<p>The objective of this study was to establish radiation dose-response calibration curves using automated dicentric scoring to support rapid and accurate cytogenetic triage dose-assessment. Blood was drawn from healthy human volunteers and exposed to Co gamma rays at several dose rates (i.e., 1.0, 0.6, and 0.1 Gy min). After radiation, the blood was placed for 2 h in a 37 °C incubator for repair. Blood was then cultured in complete media to which a mitogen (i.e., phytoghemagglutinin, concentration 4%) was added for 48 h. Colcemid was added to the culture at a final concentration of 0.2 μg mL after 24 h for the purpose of arresting first-division metaphase mitotics. Cells were harvested at the end of 48 h. Samples were processed using an automated metaphase harvester and automated microscope metaphase finder equipped with a suite of software including a specialized automated dicentric scoring application. The data obtained were used to create dose-response tables of dicentric yields. The null hypothesis that the data is Poisson-distributed could not be rejected at the significance level of α = 0.05 using results from a Shiny R Studio application (goodness-of-fit Poisson). Calibration curves based on linear-quadratic fits for Co gamma rays at the three different dose rates were generated using these data. The calibration curves were used to detect blind test cases. In conclusion, using the automated harvester and automated microscope metaphase finder with associated automated dicentric scoring software demonstrates high-throughput with suitable accuracy for triage radiation dose assessment.</p>

Digital object identifier (DOI): 10.1097/HP.0000000000001285

International journal of molecular sciences, 21
February, 2020

Micronucleus Assay: The State of Art, and Future Directions.

Sommer, Sylwester, Buraczewska, Iwona, Kruszewski, Marcin

During almost 40 years of use, the micronucleus assay (MN) has become one of the most popular methods to assess genotoxicity of different chemical and physical factors, including ionizing radiation-induced DNA damage. In this minireview, we focus on the position of MN among the other genotoxicity tests, its usefulness in different applications and visibility by international organizations, such as International Atomic Energy Agency, Organization for Economic Co-operation and Development and International Organization for Standardization. In addition, the mechanism of micronuclei formation is discussed. Finally, foreseen directions of the MN development are pointed, such as automation, buccal cells MN and chromothripsis phenomenon.

Digital object identifier (DOI): 10.3390/ijms21041534

International journal of radiation biology, 96, 214--219
February, 2020

An alternative approach for the induction of premature chromosome condensation in human peripheral blood lymphocytes using mitotic Akodon cells.

Selvan Gnana Sekaran, Tamizh, Ricoul, Michelle, Brochard, Patricia, Herate, Cecile, Sabatier, Laure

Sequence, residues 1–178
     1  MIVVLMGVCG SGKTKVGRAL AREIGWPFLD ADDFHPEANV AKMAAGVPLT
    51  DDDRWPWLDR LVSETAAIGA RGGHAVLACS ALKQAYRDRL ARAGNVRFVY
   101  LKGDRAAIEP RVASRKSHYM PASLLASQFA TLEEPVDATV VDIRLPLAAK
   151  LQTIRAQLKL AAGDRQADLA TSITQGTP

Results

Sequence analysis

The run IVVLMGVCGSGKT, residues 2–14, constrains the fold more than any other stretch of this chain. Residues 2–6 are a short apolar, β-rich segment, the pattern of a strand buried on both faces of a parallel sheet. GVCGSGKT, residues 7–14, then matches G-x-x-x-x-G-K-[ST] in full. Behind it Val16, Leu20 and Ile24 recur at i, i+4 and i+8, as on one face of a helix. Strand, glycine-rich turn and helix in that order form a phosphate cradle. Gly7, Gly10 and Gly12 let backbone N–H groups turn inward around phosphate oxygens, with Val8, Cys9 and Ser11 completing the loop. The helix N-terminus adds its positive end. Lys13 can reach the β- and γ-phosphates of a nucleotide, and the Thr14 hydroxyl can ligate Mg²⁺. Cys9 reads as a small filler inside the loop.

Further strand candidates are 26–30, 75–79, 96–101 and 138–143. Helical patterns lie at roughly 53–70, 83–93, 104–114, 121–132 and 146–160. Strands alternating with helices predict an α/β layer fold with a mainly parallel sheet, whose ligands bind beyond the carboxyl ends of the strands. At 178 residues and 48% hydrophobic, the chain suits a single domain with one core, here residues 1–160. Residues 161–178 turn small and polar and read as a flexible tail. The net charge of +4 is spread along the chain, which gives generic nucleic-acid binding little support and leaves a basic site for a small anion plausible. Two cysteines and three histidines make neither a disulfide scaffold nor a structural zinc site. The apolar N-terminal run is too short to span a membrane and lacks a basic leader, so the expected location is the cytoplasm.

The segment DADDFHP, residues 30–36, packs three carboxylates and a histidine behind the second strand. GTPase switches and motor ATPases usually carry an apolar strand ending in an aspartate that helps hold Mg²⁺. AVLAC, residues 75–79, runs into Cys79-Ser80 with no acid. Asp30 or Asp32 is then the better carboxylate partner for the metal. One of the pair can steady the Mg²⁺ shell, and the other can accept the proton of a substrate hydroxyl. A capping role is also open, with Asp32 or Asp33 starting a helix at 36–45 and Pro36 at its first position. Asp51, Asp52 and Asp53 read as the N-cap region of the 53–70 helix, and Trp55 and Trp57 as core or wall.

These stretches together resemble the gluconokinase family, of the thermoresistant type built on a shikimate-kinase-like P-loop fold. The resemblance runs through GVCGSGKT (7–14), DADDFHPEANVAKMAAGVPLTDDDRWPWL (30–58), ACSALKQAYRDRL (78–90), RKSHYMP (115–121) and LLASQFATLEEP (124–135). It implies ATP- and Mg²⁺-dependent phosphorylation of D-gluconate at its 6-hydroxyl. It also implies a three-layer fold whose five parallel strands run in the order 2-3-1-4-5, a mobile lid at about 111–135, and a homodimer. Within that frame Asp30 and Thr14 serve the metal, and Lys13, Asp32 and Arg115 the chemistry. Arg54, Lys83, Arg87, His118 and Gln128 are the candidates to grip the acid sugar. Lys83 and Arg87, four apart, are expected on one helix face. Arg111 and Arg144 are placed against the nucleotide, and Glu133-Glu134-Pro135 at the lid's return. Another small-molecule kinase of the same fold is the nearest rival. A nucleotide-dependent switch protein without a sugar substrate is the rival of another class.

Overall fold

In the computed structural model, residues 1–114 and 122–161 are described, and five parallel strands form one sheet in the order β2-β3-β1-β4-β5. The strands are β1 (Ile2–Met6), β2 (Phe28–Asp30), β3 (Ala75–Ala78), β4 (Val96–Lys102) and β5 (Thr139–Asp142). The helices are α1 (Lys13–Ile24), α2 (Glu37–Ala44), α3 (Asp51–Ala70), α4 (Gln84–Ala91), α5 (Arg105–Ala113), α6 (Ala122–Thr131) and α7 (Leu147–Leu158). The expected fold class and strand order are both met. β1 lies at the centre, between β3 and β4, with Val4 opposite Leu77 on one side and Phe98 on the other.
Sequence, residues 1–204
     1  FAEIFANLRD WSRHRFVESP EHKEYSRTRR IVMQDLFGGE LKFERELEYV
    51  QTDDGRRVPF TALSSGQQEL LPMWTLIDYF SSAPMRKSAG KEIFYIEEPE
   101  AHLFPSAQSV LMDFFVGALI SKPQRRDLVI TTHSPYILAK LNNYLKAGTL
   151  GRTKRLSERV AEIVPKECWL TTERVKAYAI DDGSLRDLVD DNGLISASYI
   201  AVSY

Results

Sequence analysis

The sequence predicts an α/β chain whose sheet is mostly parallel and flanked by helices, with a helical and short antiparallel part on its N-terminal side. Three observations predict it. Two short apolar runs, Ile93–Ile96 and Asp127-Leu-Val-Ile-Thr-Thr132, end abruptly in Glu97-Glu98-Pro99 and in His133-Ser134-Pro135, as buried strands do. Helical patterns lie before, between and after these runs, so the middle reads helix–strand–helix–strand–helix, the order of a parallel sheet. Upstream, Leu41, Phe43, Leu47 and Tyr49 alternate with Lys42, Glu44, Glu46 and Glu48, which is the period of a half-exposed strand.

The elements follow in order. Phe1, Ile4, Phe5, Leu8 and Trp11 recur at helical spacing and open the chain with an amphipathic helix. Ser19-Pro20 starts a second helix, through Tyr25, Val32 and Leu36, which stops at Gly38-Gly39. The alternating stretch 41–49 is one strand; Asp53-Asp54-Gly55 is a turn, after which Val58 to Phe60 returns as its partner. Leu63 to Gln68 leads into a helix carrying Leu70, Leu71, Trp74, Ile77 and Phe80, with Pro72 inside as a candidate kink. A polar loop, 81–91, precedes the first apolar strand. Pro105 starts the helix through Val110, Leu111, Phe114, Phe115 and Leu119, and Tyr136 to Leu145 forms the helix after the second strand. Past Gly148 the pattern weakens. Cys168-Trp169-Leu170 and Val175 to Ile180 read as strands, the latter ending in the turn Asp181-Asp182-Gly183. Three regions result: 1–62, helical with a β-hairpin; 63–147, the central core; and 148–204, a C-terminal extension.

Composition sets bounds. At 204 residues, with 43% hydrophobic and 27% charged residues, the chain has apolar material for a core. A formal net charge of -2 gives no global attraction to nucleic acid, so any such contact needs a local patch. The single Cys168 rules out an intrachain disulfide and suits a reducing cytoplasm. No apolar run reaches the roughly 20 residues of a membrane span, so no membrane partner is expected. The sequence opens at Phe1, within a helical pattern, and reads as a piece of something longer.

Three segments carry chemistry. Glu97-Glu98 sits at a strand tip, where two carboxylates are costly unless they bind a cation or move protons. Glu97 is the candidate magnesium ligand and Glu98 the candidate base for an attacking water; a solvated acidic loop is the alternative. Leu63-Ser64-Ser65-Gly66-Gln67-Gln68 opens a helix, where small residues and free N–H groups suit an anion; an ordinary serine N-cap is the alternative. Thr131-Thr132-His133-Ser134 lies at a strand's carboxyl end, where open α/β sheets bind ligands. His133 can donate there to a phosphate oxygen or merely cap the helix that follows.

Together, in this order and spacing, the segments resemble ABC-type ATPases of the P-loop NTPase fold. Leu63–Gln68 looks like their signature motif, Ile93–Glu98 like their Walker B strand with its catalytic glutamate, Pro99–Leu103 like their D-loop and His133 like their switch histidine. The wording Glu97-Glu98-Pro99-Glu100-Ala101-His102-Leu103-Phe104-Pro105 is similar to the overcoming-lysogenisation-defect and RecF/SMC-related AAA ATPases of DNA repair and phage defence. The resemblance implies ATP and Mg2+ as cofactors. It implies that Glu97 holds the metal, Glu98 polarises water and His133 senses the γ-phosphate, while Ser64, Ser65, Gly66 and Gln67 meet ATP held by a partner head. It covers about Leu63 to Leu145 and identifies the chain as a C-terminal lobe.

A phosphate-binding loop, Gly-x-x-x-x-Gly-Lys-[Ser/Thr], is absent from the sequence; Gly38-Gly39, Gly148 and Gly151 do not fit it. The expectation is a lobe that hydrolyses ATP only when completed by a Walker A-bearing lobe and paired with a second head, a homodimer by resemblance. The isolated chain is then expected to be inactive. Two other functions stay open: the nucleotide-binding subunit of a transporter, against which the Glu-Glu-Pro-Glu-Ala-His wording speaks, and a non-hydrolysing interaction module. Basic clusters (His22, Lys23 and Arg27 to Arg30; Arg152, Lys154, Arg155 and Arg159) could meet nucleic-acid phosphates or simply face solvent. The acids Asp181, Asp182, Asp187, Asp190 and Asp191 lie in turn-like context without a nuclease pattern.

The premature chromosome condensation (PCC) technique is used to study exposure to external radiation through the determination of chromosome fragments observed in interphase cells. The presence of large telomeric signals in CHO cells interferes with the detection of PCC fragments and the identification of dicentric chromosomes. We present an improved method for the fusion of G0-lymphocytes with mitotic cells (few chromosomes and weakly-staining telomeric sequences) to induce PCC in combination with rapid quantification of dicentric chromosomes and centric rings as an alternative to the classical CHO cell fusion technique. Whole blood from three healthy volunteers was γ-irradiated with 0, 2, or 4 Gy. Following a 24 h incubation post-exposure at 37 °C, chromosome spreads of isolated lymphocytes were prepared by standard PCC procedures using mitotic cells. The percentage of scorable fusions, measured by telomere/centromere (T/C) staining, for -induced PCC was higher than that for CHO-induced PCC, irrespective of radiation exposure. Importantly, both techniques gave the same result for biodosimetry evaluation. The mitotic cell-induced PCC fusion assay, in combination with the scoring of dicentric chromosomes and rings by T/C staining of G0-lymphocytes is a suitable alternative for fast and reliable dose estimation after accidental radiation exposure.

Digital object identifier (DOI): 10.1080/09553002.2019.1625493

Scientific reports, 10, 2899
February, 2020

A High Throughput Approach to Reconstruct Partial-Body and Neutron Radiation Exposures on an Individual Basis.

Shuryak, Igor, Turner, Helen C., Perrier, Jay R., Cunha, Lydia, Canadell, Monica Pujol, Durrani, Mohammad H., Harken, Andrew, Bertucci, Antonella, Taveras, Maria, Garty, Guy, Brenner, David J.

Biodosimetry-based individualized reconstruction of complex irradiation scenarios (partial-body shielding and/or neutron + photon mixtures) can improve treatment decisions after mass-casualty radiation-related incidents. We used a high-throughput micronucleus assay with automated scanning and imaging software on ex-vivo irradiated human lymphocytes to: a) reconstruct partial-body and/or neutron exposure, and b) estimate separately the photon and neutron doses in a mixed exposure. The mechanistic background is that, compared with total-body photon irradiations, neutrons produce more heavily-damaged lymphocytes with multiple micronuclei/binucleated cell, whereas partial-body exposures produce fewer such lymphocytes. To utilize these differences for biodosimetry, we developed metrics that describe micronuclei distributions in binucleated cells and serve as predictors in machine learning or parametric analyses of the following scenarios: (A) Homogeneous gamma-irradiation, mimicking total-body exposures, vs. mixtures of irradiated blood with unirradiated blood, mimicking partial-body exposures. (B) X rays vs. various neutron + photon mixtures. The results showed high accuracies of scenario and dose reconstructions. Specifically, receiver operating characteristic curve areas (AUC) for sample classification by exposure type reached 0.931 and 0.916 in scenarios A and B, respectively. R for actual vs. reconstructed doses in these scenarios reached 0.87 and 0.77, respectively. These encouraging findings demonstrate a proof-of-principle for the proposed approach of high-throughput reconstruction of clinically-relevant complex radiation exposure scenarios.